The distinction between (ii) and (iii) is unnecessary. It is made to assist the exposition.

1. APPLICABILITY: if the other agent is very-important and (k < 20 and b > 5) return false; else return true. 2. INDEPENDENT OFFER: in any negotiation round offer my k most preferred, available, un-offered times. 3. DEPENDENT OFFER: if negotiation round > b. Apply the simple compromiser substrategy which works as follows: If I am an attendee of the meeting, search for any times proposed by the initiator that I have free but have not offered. If one or more such times exist offer my most preferred time. Else, offer the time proposed by the initiator that contains the meeting with the fewest participants. If I am the initiator rank all the times proposed by other agents according to the number of agents that have proposed that time. Out of all the times with the highest number of proposals if any of these times are available, offer my most preferred such time, otherwise offer the unavailable time containing the meeting with the fewest participants. 4. ABANDON: if negotiation round > 50 return true.

Fig. 1. Offer-k-b negotiator

have been rescheduled for new times. A strategy is also considered to have been completely executed, if the learning agent has given up on scheduling the new meeting, or on rescheduling a bumped meeting. Each time a strategy terminates, the playbook weights are updated according to the success of the strategy.

4 Adapting Weights and Selecting Strategies for Negotiating with Different Agents
For each opponent agent, the learning agent must learn which strategies to select. The learning algorithm has the following key components, (i) a rule for updating the weights on strategies in the playbook and (ii) a rule for selecting the strategy to apply based on these weights. Bowling et al. [1] used results in the literature on experts problems (also commonly referred to as k-armed bandits problems) to derive the rules required. We are able to use these rules for adapting weights on negotiation strategies. In this section, we briey describe the approach and its basis in the experts literature. For a more complete treatment we refer to the reader to [1]. In the experts problem, an agent choses actions or options repeatedly based on the instructions it receives from a set of experts. Each time the agent needs to make a choice it selects which expert to listen to. In the traditional formulation, once the action or option has been selected, the agent receives a pay-off from that action. In addition, the pay-offs it would have received had it followed the advice of each of the other experts are revealed. The performance of the agent is measured by the notion of regret. Let the p reward received from following the advice of expert i at choice point p be ri . The regret

of the agent after k choices have been made is given by the following formula:
k k p ri p=0 p=0 p rxp

regretk =

over experts i


where xp denotes the expert the agent chose at choice point p. Regret is simply the award achievable by always asking the best expert minus the reward actually achieved. A desirable property of an experts algorithm is that average regret goes to zero as the number of choices approaches innity. There exist algorithms for various formulations of the problem that achieve no-regret in the limit e.g. [9, 10] Bowling et al. [1] show how algorithms for selecting experts with no regret can be used to select plays. In the context of plays (and in the context of selecting strategies for negotiation), we need to use a different formulation of regret that takes into account the fact that not all plays (or strategies) are applicable at each choice point. This can be done by using the notion of Sleeping Experts developed by Freund et. al [11]. We say an expert is awake when it is applicable at a particular choice point, and asleep otherwise. Following the notation used in [1], we let ap = 1 if expert i is awake at choice point i p, and ap = 0 otherwise. Then if (n) is the set of probability distributions over all n i experts, we get the following formula for sleeping regret (SR) after k choices:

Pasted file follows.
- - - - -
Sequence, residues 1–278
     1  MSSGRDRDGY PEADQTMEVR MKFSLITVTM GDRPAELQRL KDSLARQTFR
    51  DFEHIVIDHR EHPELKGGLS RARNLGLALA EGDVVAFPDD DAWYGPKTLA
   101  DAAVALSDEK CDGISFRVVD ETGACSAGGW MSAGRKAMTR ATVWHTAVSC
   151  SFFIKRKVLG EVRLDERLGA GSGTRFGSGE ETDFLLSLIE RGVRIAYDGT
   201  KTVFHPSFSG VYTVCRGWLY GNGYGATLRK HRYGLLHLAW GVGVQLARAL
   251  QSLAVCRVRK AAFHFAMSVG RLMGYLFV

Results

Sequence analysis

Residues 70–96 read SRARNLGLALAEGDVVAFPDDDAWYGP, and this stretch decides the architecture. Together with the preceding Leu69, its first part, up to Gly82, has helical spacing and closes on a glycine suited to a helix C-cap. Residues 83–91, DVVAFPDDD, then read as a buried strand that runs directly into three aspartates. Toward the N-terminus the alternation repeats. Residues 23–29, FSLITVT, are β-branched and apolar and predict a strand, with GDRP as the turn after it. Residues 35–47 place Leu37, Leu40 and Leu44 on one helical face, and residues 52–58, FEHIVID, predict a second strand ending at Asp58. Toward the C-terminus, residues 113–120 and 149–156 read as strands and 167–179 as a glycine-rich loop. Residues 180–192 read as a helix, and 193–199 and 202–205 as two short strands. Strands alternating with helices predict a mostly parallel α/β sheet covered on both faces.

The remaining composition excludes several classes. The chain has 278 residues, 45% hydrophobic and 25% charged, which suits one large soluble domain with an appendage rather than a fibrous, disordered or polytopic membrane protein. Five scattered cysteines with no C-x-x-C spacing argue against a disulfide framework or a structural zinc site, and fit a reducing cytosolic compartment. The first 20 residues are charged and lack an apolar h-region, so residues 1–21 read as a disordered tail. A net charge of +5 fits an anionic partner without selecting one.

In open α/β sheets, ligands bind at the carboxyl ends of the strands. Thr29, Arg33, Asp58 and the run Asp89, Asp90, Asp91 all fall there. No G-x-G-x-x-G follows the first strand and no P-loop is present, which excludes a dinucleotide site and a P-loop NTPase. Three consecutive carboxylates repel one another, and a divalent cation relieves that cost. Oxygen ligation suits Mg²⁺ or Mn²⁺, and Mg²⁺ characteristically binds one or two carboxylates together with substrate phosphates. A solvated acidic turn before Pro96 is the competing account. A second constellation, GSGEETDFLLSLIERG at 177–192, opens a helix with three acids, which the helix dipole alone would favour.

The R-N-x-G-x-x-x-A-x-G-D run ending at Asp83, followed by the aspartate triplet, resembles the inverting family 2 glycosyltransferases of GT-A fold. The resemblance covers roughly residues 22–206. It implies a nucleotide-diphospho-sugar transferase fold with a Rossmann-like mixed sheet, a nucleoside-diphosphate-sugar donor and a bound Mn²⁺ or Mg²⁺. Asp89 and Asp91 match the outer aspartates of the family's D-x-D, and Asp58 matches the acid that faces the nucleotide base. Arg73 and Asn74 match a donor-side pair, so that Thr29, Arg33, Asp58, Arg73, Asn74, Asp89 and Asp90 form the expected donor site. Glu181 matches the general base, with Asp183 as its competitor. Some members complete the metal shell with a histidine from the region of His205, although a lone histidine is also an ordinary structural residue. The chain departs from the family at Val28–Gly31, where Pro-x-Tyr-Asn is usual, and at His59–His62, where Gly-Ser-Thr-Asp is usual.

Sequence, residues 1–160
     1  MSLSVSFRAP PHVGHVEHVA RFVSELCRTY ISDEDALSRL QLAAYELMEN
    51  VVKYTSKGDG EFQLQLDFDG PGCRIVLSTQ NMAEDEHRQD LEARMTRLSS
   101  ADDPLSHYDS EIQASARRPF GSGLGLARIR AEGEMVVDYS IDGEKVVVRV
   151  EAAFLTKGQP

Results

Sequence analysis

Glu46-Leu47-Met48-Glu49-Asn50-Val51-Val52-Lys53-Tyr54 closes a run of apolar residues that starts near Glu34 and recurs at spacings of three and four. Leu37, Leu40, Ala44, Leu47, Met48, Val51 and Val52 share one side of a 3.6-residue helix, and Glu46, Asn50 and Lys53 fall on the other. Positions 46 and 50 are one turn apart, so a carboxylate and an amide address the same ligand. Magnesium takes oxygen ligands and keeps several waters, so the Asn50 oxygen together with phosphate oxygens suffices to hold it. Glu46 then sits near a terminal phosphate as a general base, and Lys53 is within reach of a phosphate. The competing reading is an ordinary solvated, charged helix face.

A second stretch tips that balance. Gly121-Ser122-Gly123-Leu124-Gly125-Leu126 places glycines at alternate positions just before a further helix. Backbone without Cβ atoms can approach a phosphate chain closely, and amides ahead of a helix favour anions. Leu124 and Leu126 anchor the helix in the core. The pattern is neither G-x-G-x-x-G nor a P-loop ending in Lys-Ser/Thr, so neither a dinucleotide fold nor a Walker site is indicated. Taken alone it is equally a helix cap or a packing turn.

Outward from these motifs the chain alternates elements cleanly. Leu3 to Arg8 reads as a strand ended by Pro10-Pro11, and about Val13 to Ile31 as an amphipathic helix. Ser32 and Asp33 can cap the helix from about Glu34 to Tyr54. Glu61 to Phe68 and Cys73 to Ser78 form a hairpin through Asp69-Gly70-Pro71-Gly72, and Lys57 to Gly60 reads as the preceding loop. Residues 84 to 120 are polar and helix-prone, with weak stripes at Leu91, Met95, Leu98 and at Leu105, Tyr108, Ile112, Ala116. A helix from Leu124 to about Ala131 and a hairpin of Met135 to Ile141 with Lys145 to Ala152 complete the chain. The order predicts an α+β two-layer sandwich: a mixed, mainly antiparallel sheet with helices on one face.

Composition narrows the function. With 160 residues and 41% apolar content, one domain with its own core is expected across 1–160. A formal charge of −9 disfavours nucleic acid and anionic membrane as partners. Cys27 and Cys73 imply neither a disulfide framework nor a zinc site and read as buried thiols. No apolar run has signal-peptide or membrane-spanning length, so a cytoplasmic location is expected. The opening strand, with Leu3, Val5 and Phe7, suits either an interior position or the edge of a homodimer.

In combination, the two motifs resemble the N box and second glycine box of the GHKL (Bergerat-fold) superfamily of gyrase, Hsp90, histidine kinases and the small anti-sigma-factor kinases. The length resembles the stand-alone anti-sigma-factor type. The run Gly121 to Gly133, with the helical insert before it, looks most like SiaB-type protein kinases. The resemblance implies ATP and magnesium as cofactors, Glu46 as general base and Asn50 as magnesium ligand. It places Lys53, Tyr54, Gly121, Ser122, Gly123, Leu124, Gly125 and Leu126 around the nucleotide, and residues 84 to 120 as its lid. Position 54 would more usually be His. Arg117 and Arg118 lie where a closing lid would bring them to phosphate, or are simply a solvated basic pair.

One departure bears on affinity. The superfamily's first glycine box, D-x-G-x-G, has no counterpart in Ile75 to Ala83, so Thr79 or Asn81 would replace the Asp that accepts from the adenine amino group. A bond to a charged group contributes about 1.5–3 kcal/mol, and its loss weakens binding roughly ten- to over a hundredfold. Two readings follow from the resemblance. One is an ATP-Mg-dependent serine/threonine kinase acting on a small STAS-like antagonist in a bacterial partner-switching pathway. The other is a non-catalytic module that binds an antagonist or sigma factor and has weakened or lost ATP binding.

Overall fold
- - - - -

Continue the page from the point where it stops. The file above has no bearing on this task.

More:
k n

SRk =



ap i
p=1 i=1

x(i) n p j=1 x(j)aj

k p ri


p rxp

The rst half of the formula simply quanties the reward the agent could have received if the best possible distribution over awake experts had been selected at each choice point. In the context of plays, and negotiation strategies, there is one nal difculty. Unlike in the traditional experts problem, agents only nd out the reward of the action they actually take. In order to account for this, Bowling et al. [1] combine elements of the Exp3 algorithm proposed by Auer et al [10] (which handles the problem of unknown rewards) with the sleeping regret approach of [11]. We describe their approach here, and use it to adapt playbook weights for each opponent agent, and select the strategy to use according to these weights. rp p k Let Ri = k ri . Where ri = 0 if i not selected at point p and P r(xip =i) otherp p=0
p p wise. We call the weight for strategy i at decision point p, wi , and we let wi = eRi . p p ri The value e is denoted as mi , and we refer to this value as the multiplier and use it to adjust the weights according to the reward received from carrying out the negotiation strategy (or play). The probability that the strategy chosen at point p, denoted xp , is strategy i is given by the following equation: p ap wi i p p j aj wj